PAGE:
PCOS Nutrition Basics: Fats, Proteins and Carbohydrates

Polycystic ovary syndrome (PCOS) is a female endocrine disorder that can cause reproductive, hormonal, and metabolic problems. The actual cause of PCOS is unknown, but environmental factors, including dietary habits, play a role in controlling the condition.

Having PCOS increases your chances of developing certain health conditions, including diabetes, heart disease, high cholesterol, and metabolic syndrome. Diet to help reduce the risk of these complications is important for people with PCOS.

Below is a breakdown of the nutritional basics you should keep in mind when using PCOS.

The importance of balance

The Dietary Guidelines for Americans states that nutritional needs should primarily come from nutrient-dense foods and beverages that provide vitamins, minerals, and other health-promoting ingredients. Choices should have no or very little added sugar, saturated fat, and sodium.

A healthy eating pattern includes foods and beverages from all food groups, in recommended amounts, and within calorie restrictions.

While these recommendations apply to everyone, people with PCOS should take extra care to align their dietary patterns with these recommendations to maintain or improve markers of metabolic health, such as blood sugar levels and cholesterol ratios.

The main components of a healthy eating pattern are protein, carbohydrates, fat and water.


Protein is responsible for the growth and maintenance of all body cells and structures, such as bones, muscles, blood cells, skin and hair. They are also a major component of enzymes that help facilitate many chemical reactions in the body, including digestion.

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A healthy diet should include 2 to 3 servings of lean protein per day. Try grilled or grilled chicken, fish or beans.

Some grains are also high in protein. For example, combine quinoa with roasted vegetables to make a very satisfying lunch or side dish that provides an ample supply of protein.

It is also important for women to get enough calcium in their diet. Low-fat dairy products are an excellent source of calcium and protein. Try low-fat yogurt, cottage cheese, and milk.


Carbohydrates are the body’s main source of energy. Fruits and vegetables are carbohydrate-rich foods and key to providing many vitamins and minerals that are vital to health.

Women ages 19 to 30 should eat 2 cups of fruit and at least 2 1/2 cups of vegetables per day.

Among the different types of vegetables, current dietary guidelines recommend:

  • 3 cups dark green vegetables
  • 2 cups orange/red vegetables
  • 3 cups dried beans and peas
  • 3 cups of starchy vegetables per week

There are many easy ways to incorporate more vegetables into your diet. For example, eat a salad with each meal, toss mixed vegetables into an omelet, or munch on sliced ​​vegetables or fruit for an afternoon snack.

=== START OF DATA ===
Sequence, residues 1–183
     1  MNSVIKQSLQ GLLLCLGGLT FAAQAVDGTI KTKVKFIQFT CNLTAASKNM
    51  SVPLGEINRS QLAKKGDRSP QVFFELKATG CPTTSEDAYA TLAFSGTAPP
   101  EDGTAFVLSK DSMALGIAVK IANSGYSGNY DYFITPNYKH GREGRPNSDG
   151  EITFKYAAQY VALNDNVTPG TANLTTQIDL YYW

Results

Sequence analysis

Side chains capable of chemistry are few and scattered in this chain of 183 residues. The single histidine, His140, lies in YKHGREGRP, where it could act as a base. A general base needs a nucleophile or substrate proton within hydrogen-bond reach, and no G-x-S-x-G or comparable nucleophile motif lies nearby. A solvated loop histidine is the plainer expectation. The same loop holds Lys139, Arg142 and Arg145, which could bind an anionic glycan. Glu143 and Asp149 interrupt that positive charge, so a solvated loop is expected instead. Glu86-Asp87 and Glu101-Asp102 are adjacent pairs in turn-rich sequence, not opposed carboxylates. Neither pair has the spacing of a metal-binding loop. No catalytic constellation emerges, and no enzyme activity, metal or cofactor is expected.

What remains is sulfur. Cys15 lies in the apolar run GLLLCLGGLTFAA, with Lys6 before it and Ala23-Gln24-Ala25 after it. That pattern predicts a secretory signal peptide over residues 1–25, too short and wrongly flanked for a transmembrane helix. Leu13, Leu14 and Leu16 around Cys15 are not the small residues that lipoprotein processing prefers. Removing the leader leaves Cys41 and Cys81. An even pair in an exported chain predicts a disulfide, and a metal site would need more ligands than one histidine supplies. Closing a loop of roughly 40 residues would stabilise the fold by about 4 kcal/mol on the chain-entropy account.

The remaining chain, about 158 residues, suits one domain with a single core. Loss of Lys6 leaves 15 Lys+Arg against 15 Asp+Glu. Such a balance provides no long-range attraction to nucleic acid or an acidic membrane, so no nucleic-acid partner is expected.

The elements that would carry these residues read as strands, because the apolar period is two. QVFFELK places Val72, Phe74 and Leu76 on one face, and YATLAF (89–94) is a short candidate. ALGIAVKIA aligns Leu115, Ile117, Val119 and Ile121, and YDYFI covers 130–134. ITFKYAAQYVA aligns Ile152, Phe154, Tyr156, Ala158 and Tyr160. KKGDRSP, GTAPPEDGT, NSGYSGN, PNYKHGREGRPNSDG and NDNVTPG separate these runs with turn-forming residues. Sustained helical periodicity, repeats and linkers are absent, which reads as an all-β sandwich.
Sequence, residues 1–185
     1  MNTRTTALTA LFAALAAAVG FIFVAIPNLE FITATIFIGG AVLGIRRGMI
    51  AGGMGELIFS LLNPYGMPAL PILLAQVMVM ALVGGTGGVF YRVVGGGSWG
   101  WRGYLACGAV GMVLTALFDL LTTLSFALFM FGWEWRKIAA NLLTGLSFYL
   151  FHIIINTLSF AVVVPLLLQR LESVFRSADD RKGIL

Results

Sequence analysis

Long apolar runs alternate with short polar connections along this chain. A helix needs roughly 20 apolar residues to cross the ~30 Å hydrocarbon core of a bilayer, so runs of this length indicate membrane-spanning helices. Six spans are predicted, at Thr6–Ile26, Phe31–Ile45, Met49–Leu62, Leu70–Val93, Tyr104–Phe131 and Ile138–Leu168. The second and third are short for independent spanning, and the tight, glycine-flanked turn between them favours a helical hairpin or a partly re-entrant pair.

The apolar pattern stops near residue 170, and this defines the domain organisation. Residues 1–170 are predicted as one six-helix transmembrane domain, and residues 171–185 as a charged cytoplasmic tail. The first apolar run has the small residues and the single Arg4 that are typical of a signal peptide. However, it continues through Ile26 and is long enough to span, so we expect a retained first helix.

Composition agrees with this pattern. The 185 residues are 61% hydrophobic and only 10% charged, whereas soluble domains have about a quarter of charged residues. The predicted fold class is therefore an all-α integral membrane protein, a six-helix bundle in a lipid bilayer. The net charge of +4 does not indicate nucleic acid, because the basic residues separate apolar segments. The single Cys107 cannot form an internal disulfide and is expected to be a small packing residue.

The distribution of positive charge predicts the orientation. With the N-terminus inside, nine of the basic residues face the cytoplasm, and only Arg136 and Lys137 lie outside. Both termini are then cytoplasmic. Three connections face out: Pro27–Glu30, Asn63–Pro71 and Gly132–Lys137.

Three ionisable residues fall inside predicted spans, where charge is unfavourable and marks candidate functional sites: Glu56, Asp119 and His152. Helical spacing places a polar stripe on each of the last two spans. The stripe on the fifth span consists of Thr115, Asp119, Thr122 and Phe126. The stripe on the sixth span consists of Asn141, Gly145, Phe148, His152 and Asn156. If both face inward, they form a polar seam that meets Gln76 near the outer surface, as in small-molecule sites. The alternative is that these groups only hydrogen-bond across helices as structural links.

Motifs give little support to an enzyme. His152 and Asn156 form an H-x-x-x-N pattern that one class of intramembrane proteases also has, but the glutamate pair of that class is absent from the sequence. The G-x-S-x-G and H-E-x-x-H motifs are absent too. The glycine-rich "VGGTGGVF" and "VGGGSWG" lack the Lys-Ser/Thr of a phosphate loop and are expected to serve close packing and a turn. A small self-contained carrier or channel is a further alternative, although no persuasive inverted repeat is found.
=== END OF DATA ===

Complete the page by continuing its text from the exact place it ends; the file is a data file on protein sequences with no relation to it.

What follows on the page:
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Minimize your daily sugar intake

The Dietary Guidelines for Americans recommend that sugar be less than 10% of total daily dietary calorie intake, but some experts recommend even lower daily limits. For example, the American Heart Association insists that dietary sugar intake should not exceed 6 percent of daily calories.


Fats or lipids are an important part of the diet. They are found in butter and oils, dairy products, meats, nuts, avocados, and many processed foods.

In the right amount and type, fat will provide most of the energy you need to get through the day. Fats also provide nutrients that support and buffer your internal organs, protecting them from damage.

Current guidelines recommend avoiding hydrogenated and trans fats. Other fats should be reduced as much as possible. Generally speaking, fat should be controlled below 30% of daily caloric intake, and saturated fat should be controlled below 10%.

Try roasting vegetables or chicken instead of frying to cut down on fat.

Choose simple salad dressings, such as olive oil with vinegar, lemon, or stone-ground mustard, rather than store-bought salad dressings, which often use unhealthy oils and added sugar

There are plenty of marinades and spices that you can use to flavor your food without adding fat.


In addition to regulating body temperature, water is present in every cell in the body. Water is an essential part of many chemical reactions and aids in the digestion and excretion of waste.

Because of this, it must be taken regularly to maintain vital bodily functions.

Drinking plain water is the best option. In addition to liquids such as milk, coffee, and tea, most fruits and vegetables also contain water.

While many beverages do provide some water, they can also add calories and sugar. If you drink a lot of soda, try mixing a bit of 100% fruit juice with some soda to help cut calories and sugar while staying hydrated.

Why your body needs water

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A healthy diet doesn’t have to be strict or difficult to maintain. It’s easier to stick to the new routine if you make small changes and commit to them.

As each change becomes more routine and you no longer have to think about it, try implementing another change.

Finally, don’t be too hard on yourself. Frustration happens. If it does, admit it, move on, and try to remember to make a better choice next time.

The Best Diet for Managing PCOS Symptoms